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Date: September 30th 1915

Sept 30th 1915


My darling Wife -


Just a line to let you know that I am all right, I am writing this from the trenches & would have written sooner in answer to your last letter, only I have had little or no time, we have been having it pretty hot lately & the enemy have certainly kept us busy, but I suppose you will have seen all about it by this time in the papers, at any rate our lot is all right & so far as I can see this is the beginning of the end, if we can only follow up our successes the war should be over in a very short time, there is not the slightest doubt that victory is in sight, the Germans are more sick of it than we are if anything & they have been hollering over from their trenches that they are starving & for us to come over & take them, but of course we pay no heed to them, they are shelling us pretty heavy all along the line, but we are giving them ten times as much & they cant stand it, I would not be surprised that by the time this reaches you they will be suing for peace, there is going to be such a smash up as the world has never seen, & we are going to do the smashing. I got your letter dated Sept 5th all right with the photo, which is very good indeed, only it is a pity that it is a bit blurred, the children look splendid & it seems to me that they have grown quite a bit since I saw them last, I see Eileen still keeps good & plump, while George seems a bit taller than her which accounts for him not being so fat I suppose. they certainly both look healthy, I wish you had been in it too, dear, the next time you get them taken, you want to get in too.


One of the boys got a Vernon News with the account of Rendalls death in it, I suppose they had the news in Vernon before my letter reached you.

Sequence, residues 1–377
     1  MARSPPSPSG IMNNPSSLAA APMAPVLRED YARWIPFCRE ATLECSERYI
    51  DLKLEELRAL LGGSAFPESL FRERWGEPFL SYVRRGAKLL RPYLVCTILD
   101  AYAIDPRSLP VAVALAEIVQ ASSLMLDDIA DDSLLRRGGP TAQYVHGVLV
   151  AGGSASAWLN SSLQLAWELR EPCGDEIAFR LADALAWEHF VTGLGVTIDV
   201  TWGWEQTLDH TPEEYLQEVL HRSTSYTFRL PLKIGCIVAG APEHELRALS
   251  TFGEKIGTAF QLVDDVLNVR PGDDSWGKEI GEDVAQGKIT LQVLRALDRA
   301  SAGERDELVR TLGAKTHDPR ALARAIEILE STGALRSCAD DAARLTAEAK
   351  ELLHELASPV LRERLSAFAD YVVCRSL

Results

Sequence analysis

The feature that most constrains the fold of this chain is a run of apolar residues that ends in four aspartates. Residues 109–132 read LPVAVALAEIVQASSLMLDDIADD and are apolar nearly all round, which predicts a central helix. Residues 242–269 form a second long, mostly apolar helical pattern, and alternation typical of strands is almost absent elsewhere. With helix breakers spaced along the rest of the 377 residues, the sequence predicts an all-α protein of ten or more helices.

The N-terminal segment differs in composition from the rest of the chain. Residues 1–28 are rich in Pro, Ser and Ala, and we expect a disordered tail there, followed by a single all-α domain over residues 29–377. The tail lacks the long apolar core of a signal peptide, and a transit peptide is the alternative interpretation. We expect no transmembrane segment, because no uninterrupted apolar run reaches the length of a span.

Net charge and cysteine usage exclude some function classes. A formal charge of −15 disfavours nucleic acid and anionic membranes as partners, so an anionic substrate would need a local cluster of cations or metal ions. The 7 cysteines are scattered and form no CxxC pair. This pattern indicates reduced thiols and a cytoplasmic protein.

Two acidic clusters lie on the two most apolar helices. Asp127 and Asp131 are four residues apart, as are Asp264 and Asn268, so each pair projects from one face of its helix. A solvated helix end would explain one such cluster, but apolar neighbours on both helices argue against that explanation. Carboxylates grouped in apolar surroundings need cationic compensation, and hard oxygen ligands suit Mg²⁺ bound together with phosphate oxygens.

I have not received the parcel of socks and handkerchiefs yet, nor the shaving soap, but they should get here anytime now, you see, there have been so many troops being moved over here lately that everything has been upset & it takes a little time to get everything into working order again. I am glad to hear that you & the children have all you want, dear, plenty of clothes & all that & I am sure you keep the children looking nice all the time, I am sure I would only be too glad to see them & tell them how nice they look & if I was at home I would take them down town & give them some Ice cream, but I guess it is getting too cold for that now. It is a good idea to get the parcels tied up in the Hardware, they cant be tied too strongly, sometimes when I get them they are just hanging together, but the stuff is all right, I have seen parcels get here with nothing but the paper & string, everything else having dropped out, you see, they are handled so often & so roughly that if they are not tied very strongly they wont reach their destination & you can guess what a disappointment that is. It was too bad of Mohr to keep that stuff of Harlows, I think he was very mean & I hope to have the pleasure of telling him what I think of him very soon, such tricks as that are no good. I am sorry that I was not able to send anything worth while for the childrens birth day & I hope you were able to manage the dolls carriage & Express wagon for them, even if I could get those things here I would not be able to send them as there would be postage to pay & of course we are never near a P.O. to get stamps & if I sent them without stamps you would have to pay more for them than they would be worth, however, I guess I will be home before their next birthday & we will all have a good time together. I see that the Hardware gave Harlow a gold watch when he left, they thought quite a bit of him, if I had only behaved myself I suppose I would have been there yet, but there is not much use crying about it now, it was my own fault & the pity of it is that you & the children should have had to suffer for my misdeeds, however, dear, when this thing is all over, I will try & make amends to you, & by loving you more & more every day I will try & show you that there is still some of the man left in me, & if I get into any kind of a good job at all I can assure you that I intend to hold it, it wont be booze that will put me out of it. & now dear I must close as they are coming round for the mail, I will write you again as soon as we get out. Give George & Eileen a big love dear & kisses from their old dad, & remember me to all my friends, & with fondest love & lots of kisses to you my own dear sweetheart I remain as ever your loving Husband




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